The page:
Moving Grain: Bulk Ocean Freight Rates Start Year with Softer Tone

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Container ships, San Francisco Bay. Photo: NOAA

Bulk Ocean Freight Rates Started Year 2020 With a Softer Tone

Ocean freight rates for shipping bulk grains fell during the first week of the year, compared to the previous week and the same period a year ago. As of January 2, the rate for shipping a metric ton (mt) of grain from the U.S. Gulf to Japan was $45.75—2 percent less than the previous week and 3 percent less than the same period a year ago.

The rate from the Pacific Northwest (PNW) to Japan was $25 per mt—2 percent less than the previous week and unchanged from the same period last year. Historically, ocean freight rate markets change little during December and January because of the various holidays. Also, 29 oceangoing grain vessels were loaded during the week ending January 2, nearly as many as in the same week last year (30 vessels).

Rate changes depend on many factors including the recently enforced International Maritime Organization regulations on low sulfur emission by oceangoing vessels and other trade issues.

Short Line Railroads Get Renewed Tax Credits and New Express Loan Program

In December, Congress extended the short line railroad tax credit (45G) through 2022. Capped at $3,500 per track mile annually, the credit grants an amount of 50 cents for each private dollar invested in qualified track maintenance and railroad infrastructure projects. The tax credit is expected to aid in deferred track maintenance for the short line rail industry.

Also, a new Department of Transportation pilot program—the Rail Rehabilitation and Improvement Financing Express Program (RRIF Express)—aims to reduce the time and costs associated with securing RRIF loans through lower rates, waived risk premiums, fee assistance, and expedited loan processing.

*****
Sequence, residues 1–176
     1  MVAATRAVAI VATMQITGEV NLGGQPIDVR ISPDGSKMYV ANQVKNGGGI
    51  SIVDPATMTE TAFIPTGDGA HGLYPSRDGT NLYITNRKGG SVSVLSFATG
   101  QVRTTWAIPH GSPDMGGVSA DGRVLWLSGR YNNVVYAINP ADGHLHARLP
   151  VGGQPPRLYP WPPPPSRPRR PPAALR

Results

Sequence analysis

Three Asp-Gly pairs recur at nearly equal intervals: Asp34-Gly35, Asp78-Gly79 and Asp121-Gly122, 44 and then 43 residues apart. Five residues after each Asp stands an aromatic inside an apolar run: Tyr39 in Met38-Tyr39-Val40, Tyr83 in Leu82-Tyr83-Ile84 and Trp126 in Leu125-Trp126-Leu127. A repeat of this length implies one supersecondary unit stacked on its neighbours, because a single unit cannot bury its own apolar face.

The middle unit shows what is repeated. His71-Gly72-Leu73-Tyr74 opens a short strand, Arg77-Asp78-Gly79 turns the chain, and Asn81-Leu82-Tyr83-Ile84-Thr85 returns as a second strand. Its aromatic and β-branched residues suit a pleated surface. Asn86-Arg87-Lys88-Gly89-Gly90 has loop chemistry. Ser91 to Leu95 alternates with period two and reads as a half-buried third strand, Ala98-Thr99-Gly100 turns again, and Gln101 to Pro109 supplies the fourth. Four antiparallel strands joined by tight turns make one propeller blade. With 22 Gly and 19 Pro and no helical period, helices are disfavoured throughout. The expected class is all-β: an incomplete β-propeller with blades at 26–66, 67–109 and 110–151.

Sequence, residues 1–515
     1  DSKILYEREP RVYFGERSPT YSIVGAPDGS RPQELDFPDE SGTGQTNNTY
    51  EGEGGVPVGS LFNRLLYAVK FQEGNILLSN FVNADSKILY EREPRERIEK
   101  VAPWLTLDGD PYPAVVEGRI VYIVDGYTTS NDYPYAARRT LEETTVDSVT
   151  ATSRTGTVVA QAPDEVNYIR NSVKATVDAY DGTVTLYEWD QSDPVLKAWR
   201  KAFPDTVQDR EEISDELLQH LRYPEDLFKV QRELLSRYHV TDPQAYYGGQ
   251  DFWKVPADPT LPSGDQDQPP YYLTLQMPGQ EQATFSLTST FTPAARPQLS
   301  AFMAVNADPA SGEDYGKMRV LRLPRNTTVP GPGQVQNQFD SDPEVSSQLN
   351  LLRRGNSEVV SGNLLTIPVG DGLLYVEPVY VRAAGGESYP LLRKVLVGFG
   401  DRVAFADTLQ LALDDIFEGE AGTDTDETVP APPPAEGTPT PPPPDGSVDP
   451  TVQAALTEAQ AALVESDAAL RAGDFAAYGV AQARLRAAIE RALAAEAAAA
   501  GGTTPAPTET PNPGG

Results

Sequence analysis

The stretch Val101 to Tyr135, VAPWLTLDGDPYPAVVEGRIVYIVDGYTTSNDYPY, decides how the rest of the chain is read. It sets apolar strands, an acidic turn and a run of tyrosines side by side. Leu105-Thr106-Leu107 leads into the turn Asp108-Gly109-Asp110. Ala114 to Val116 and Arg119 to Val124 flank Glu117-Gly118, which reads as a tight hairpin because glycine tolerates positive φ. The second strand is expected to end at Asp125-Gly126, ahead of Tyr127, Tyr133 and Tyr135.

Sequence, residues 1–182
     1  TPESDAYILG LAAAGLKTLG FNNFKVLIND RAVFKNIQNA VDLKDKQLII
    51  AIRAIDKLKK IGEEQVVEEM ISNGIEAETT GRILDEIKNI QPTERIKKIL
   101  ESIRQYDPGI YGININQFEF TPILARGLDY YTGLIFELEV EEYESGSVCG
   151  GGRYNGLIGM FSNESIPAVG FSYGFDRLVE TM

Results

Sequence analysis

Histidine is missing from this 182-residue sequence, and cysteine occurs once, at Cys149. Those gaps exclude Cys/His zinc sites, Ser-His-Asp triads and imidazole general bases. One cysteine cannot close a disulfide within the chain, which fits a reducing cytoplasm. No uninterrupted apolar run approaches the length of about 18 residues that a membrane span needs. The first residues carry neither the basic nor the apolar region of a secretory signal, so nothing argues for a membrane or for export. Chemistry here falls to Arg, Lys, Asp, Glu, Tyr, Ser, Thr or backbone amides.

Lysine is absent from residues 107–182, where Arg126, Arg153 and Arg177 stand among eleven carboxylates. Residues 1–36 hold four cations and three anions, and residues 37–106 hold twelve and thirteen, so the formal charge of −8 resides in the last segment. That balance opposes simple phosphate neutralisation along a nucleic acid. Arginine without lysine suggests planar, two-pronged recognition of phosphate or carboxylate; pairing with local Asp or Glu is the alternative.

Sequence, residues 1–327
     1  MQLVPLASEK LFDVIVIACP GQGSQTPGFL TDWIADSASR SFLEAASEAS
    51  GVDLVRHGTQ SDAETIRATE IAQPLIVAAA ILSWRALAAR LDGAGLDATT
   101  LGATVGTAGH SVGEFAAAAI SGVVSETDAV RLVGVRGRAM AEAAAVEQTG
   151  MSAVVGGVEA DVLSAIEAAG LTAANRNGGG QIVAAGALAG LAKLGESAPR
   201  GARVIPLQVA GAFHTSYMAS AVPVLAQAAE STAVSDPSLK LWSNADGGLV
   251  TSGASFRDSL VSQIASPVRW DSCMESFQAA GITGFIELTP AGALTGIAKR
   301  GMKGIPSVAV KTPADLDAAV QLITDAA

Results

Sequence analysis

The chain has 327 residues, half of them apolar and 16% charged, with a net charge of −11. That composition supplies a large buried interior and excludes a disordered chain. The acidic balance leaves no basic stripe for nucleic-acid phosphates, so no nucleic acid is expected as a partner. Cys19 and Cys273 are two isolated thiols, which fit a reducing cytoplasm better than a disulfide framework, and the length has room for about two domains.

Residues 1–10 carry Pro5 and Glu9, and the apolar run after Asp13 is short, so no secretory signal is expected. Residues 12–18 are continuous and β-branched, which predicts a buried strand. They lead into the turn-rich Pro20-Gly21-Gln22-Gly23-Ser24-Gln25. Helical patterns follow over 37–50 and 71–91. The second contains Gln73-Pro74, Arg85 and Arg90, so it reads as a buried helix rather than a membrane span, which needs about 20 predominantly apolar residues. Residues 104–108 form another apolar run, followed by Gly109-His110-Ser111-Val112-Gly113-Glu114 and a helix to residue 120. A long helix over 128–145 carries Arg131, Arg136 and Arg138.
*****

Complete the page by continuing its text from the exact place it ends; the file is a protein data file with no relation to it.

Short line and regional railroads originate or terminate over 10 percent of the railed grain and soybean tonnage. For more information on short line agriculture transportation and assistance programs, see the 2018 cooperative research between USDA and Kansas State University.

DOT Requests Information on the National Freight Strategic Plan

The Department of Transportation (DOT) announced a request for information from the public and stakeholders to guide the development of the National Freight Strategic Plan (NFSP). The plan includes 11 statutorily required components to address multimodal freight transportation.

DOT is required to develop NFSP as part of the Fixing America’s Surface Transportation (FAST) Act. Comments are sought by February 10, 2020.

Snapshots by Sector

Export Sales

For the week ending December 26, unshipped balances of wheat, corn, and soybeans totaled 23.3 mmt. This represented a 29-percent decrease in outstanding sales, compared to the same time last year.

Net corn export sales reached 0.531 mmt, down 15 percent from the past week. Net soybean export sales were 0.330 mmt, down 55 percent from the previous week. Net weekly wheat export sales reached .313 mmt, down 56 percent from the previous week.

Rail

U.S. Class I railroads originated 15,524 grain carloads during the week ending December 28. This was a 28-percent decrease from the previous week, 16 percent less than last year, and 13 percent lower than the 3-year average.

Average January shuttle secondary railcar bids/offers (per car) were $417 below tariff for the week ending January 2. This was $54 less than last week and $117 lower than this week last year. There were no non-shuttle bids/offers this week.

Barge

For the week ending January 4, barge grain movements totaled 528,627 tons. This was an 11-percent decrease from the previous week and 43 percent more than the same period last year.

For the week ending January 4, 353 grain barges moved down river—25 fewer than the previous week. There were 688 grain barges unloaded in New Orleans, 17 percent more than the previous week.

Ocean

For the week ending January 2, 29 oceangoing grain vessels were loaded in the Gulf—3.3 percent fewer than the same period last year. Within the next 10 days (starting January 3), 44 vessels were expected to be loaded—15.4 percent fewer than the same period last year.

As of January 2, the rate for shipping a metric ton (mt) of grain from the U.S. Gulf to Japan was $45.75. The rate from PNW to Japan was $25.00 per mt.

Fuel

For the week ending January 6, the U.S. average diesel fuel price increased 1 cent from the previous week to $3.079 per gallon, 6.6 cents above the same week last year.

Full report.




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